Halal food is changing—just like British Muslims
When Shazia Saleem took a recent flight from London to Washington, DC, she requested a halal meal. On her outbound journey she was served a curry; coming back she got the same. “I’m grateful that the halal option is there,” laughs Ms Saleem, a businesswoman, “but it’s 2014–I think we’d be okay with something other than chicken tikka.”
For years Britons hungry for halal food, especially meat, have tended to patronise specialist butchers in areas with large Muslim populations. Diners seeking restaurants that eschew pork and alcohol have mostly had to pick curry houses. But as the tastes of Muslim consumers, especially younger ones, change, so too do the businesses that serve them.
Ready meals are one growing market. Ms Saleem runs I Eat Foods which pumps out halal shepherd’s pie and spaghetti bolognese. Those are a hit among the increasing number of Muslims who, like herself, grew up in Britain, craving the same grub that their non-Muslim friends ate. Willowbrook, an organic halal farm in Oxfordshire, produces bacon from beef and boned, rolled shoulders of lamb—ideal for Sunday roasts.
Halal food is also getting posher. Haloodies (a portmanteau of “halal” and “foodies”) is a brand of neatly packaged halal meats. Unlike many traditional halal butchers, it offers cuts such as fillet steaks. It helps that Muslim shoppers are increasingly concerned about where their food comes from. Halal is about more than just the ritual of slaughter, argues Lutfi Radwan, the farmer at Willowbrook. It is also about the animals’ welfare while they are alive. This is one reason why Ms Saleem avoids factory-farmed meats in her ready meals.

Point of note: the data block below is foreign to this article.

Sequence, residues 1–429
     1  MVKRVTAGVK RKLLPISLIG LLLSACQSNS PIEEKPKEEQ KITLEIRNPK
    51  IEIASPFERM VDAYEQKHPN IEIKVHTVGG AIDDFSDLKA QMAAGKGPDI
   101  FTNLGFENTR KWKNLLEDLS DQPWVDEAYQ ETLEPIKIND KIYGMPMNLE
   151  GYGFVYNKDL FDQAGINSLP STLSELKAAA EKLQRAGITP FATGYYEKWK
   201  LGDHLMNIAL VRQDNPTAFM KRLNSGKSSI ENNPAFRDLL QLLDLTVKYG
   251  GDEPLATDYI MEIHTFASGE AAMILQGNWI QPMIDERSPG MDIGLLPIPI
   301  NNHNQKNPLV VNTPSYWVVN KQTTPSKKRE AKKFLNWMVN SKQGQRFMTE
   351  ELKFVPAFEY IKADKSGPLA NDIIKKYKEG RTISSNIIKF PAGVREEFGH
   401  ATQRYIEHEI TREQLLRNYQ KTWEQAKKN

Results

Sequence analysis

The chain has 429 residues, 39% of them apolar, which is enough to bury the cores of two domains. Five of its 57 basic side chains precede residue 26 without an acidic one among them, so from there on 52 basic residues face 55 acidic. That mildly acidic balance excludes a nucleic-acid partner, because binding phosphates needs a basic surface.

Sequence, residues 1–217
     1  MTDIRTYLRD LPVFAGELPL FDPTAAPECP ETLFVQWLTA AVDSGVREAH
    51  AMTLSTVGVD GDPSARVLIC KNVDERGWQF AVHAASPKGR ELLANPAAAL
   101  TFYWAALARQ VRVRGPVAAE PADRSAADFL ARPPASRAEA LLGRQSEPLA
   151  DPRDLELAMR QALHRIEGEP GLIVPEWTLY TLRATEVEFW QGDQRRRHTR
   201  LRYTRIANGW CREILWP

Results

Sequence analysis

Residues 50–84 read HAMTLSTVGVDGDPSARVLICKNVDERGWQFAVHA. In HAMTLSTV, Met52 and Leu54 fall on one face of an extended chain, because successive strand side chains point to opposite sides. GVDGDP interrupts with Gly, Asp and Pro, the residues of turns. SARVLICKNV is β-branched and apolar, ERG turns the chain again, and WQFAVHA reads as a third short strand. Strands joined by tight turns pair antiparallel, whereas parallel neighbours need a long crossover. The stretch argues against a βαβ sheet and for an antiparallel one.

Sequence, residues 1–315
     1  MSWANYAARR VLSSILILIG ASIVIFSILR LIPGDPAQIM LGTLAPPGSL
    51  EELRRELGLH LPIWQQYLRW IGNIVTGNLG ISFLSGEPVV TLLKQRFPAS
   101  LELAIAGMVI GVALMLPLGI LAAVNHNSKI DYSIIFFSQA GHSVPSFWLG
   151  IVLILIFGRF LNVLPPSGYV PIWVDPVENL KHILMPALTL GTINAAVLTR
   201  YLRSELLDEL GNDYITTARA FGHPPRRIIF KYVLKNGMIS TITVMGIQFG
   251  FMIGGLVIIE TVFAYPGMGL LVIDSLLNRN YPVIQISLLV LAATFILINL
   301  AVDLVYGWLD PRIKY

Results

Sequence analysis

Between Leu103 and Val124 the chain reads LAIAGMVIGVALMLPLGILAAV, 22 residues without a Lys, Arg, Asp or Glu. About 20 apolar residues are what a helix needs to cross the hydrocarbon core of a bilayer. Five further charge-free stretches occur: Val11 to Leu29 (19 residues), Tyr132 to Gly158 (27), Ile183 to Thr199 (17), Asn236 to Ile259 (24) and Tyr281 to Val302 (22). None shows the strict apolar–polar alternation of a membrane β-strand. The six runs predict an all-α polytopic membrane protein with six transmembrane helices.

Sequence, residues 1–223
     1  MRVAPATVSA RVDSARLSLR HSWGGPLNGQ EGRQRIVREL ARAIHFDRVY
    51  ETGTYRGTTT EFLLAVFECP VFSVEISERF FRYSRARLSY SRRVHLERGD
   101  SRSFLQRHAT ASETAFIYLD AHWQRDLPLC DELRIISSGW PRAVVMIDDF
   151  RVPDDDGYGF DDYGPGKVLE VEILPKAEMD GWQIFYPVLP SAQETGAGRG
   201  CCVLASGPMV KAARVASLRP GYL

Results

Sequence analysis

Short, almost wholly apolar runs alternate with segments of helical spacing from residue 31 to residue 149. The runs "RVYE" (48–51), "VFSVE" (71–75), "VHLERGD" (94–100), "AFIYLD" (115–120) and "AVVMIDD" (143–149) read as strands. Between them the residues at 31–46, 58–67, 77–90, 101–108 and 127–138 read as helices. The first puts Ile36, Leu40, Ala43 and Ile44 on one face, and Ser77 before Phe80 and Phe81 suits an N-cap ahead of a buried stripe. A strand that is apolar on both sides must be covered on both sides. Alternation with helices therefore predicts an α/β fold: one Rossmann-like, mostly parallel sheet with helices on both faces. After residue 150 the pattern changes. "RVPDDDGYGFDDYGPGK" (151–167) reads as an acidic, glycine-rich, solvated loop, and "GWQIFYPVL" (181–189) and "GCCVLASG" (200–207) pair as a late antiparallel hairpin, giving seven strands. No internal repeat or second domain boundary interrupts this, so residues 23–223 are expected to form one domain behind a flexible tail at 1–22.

This can be expensive. At TheMeatCo, a restaurant in west London with a separate halal menu and dining area, a T-bone steak is £50. The non-alcoholic Tempranillo at Meat and Shake, a fancy burger joint, is as pricey as the boozy kind elsewhere. But Britain’s Muslims are getting wealthier. The average monthly income of those born locally, with at least one parent born in Britain, is £1,219, compared with £815 for those who arrived aged six or older. And the growing number of converts–estimated at around 100,000–like food that unites their old eating habits and new faith.
Big businesses are recognising this market’s potential. Haloodies meat is sold through Ocado, an online supermarket popular with the middle class. Ms Saleem’s meals are available at large supermarkets. Haute halal is on the up.
*This article was originally published on The Economist print edition on 5 July 2014. Read the original article here.